A few months ago I sat down with a member of my family and did the WWF’s (no, not that WWF) online carbon footprint test.
It’s quick, it’s reasonably sensible, and it comes with decent advice and an explanation of how your footprint is calculated.
I scored better than I’d expected – my carbon footprint clocked in at a bit less than the 2020 goals – 8.5 tonnes of carbon per annum compared to the 10 tonnes we need to get to for disaster to be averted – but it’s still higher than the global average, which is not a huge surprise given where I live.
For a more detailed look at the whole schebang around that, I give you the gift that is Kurzgesagt:
And as we’re here, for your mates who may be a bit like, “yeah, climate change whatever” I offer you as always the beauty that is Information Is Beautiful:
There’s a huge amount of conversation around climate change and What We Can Do, and I figured, since I harp on about the politics so much, I may as well also be a scribbler and talk about the personal too. This isn’t just ‘cos a story is better than a stat – it’s also ‘cos one of the big arguments against taking action is that to genuinely make a difference, we’re gonna have to lead dystopian lives eating ashes and spite.
This argument is nonsense.
Together we can make a safe and beautiful world, in which we still watch Queer Eye while eating cake. And I love cake.
With this in mind, I figured I’d air my pants in public, and talk about how my carbon footprint breaks down.
First, though, some caveats:
71% of all global emissions come from 100 companies. Here they are!
So you and I buying bamboo toothbrushes, while great, aren’t ever gonna be as awesome as you and I voting for an actual climate policy. Voting to hold corporations to account. Voting for a green new deal. Signing petitions, getting involved in community action – whatever it takes to stop billion-pound industries and the tiny minority of ultra-wealthy who own them, profiting from screwing up the world. If you do one thing, please vote. It makes a world of difference and you have the genuine power to change things. You are the awesome-sauce.
The other major caveat is this: as I go through my carbon footprint and how it’s worked out, be aware that this is the footprint of a woman with several serious perks in life. The first is that I’m not currently skint, although who knows how the economy is gonna plan out? While aspects of getting eco-friendly are significantly cheaper than our current batshit consumerism (see: eating less meat, fixing instead of binning, recycling, shopping thrift etc.), there is a huge ‘lifestyle’ industry of people trying to sell you more ‘eco-friendly’ stuff no one needs, for twice the price. This sucks.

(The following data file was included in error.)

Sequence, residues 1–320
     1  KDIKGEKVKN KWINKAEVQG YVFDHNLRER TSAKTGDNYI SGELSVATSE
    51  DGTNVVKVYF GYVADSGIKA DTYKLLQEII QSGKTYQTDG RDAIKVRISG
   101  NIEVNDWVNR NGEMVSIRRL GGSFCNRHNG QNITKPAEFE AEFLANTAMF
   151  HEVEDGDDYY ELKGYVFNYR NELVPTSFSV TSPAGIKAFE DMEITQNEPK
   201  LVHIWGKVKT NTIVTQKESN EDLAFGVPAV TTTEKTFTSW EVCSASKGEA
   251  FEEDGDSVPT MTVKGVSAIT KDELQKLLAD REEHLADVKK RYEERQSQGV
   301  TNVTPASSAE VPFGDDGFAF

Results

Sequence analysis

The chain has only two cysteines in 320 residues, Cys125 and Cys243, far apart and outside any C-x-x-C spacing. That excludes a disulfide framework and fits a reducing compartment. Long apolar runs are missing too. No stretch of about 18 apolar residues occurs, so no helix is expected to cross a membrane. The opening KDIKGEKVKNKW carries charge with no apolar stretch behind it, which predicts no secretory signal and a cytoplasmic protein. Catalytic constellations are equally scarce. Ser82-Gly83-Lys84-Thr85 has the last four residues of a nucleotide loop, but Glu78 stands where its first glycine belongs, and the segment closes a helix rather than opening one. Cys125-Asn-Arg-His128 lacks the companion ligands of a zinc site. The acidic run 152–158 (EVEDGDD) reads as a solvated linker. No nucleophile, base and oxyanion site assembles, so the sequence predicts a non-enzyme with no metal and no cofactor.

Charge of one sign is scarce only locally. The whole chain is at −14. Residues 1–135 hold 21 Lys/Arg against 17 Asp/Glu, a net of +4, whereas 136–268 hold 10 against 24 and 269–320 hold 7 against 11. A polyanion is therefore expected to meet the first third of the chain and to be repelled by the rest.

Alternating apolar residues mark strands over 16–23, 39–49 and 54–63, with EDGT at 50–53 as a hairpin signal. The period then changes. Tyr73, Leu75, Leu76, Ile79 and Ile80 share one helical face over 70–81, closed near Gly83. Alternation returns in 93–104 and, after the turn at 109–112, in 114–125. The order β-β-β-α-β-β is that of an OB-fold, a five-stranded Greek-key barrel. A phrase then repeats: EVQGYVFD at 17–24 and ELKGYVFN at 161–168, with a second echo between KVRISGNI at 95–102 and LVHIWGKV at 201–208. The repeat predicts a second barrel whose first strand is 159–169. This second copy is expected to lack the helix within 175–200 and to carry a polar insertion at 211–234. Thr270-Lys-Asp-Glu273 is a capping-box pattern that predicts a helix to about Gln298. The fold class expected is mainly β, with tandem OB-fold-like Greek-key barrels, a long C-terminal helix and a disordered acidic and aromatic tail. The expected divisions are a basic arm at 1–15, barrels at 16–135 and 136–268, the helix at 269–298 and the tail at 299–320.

The most valuable thing money buys is time. If that means more time shopping around for eco-friendly buys or hanging down your local second-hand store to find the perfect pair of jeans, that’s a genuine drain on resources. So if you are that person holding down a tough job during a recession while trying to look after three screaming kids, and you’ve got your eco-conscious buddy shaming you for not living off lentils from a mason jar served on a bed of kale they grew themselves, then your buddy is a jackass. This is not a blog telling you that you’ve failed, ‘cos that is bullshit. You’ve got real life, and you are bossing it. All your buddy has got are flipping chickpeas and an attitude problem. This post is not some manifesto – it’s just my life, in all its messy pros and cons. What that means to you, if anything, is your business and no one else’s – life is tough, and did I mention that wherever you are, whatever’s going down, you are the awesome-sauce? Dude: you are the condiment of dreams.
The final thing I’ve got going for me is I live in the inner city. I don’t have to drive to my local supermarket; local transport is good, and frankly, I can walk most places I need to get to, including for the work I do.
All that said, let’s be clear: it is possible to live in a future where our carbon footprint is reduced and be happy, comfy and full of so much cake. Caaaakkkkeeee….
And so read on!
So WWF breaks down your carbon footprint into four areas – Stuff, Home, Food and Travel. Each component contributes a certain percentage to your footprint – so for example, if you fly everywhere but have a vegan diet, you might still have high emissions courtesy of lots of planes and so on. I break down pretty evenly, but given that so much of sustainability is painted as choosing a life of ashes and sackcloth, I intend to rate how difficult each aspect has been on the Mad Max Scale, where 1/10 is ‘it’s all fine and dandy, there’s clean water and lush greenery and some funky drumming’ and 10/10 is ‘not the wheel of fate nooooooo!’.
For anyone who hasn’t seen the Mad Max films – especially Thunderdome and Fury Road – stop reading this now, go watch them, then come back comforted in the fact that it doesn’t matter that there will be minor, teensy spoilers ahead.
I did – famously – buy a new computer this year. I say famously, because I ended up replacing the screen I’d had since 2001, and also cleaning out the keyboard I’ve had since 2008, after twitter informed me that it was a fetid swamp of biscuit crumbs and semi-sentient grey fur. This was the only big, new purchase I’ve made for… oooh… a long time.
My old computer, by the time it died after twelve years of staunch service, was not unlike the King of Uberwald’s axe. (Again, if this is a reference that leaves you puzzling, stop reading this now, go read all the Watch books by Terry Pratchett, but especially the Fifth Elephant, then come back knowing that there wasn’t really a spoiler, but full of literary delights none-the-less.) If you have replaced, over twelve years, the GPU, the HDD, the cooling fan, the RAM and the DVD reader, is it in fact still the same computer? I suppose the PSU and the motherboard were the same. They were the plucky components that could.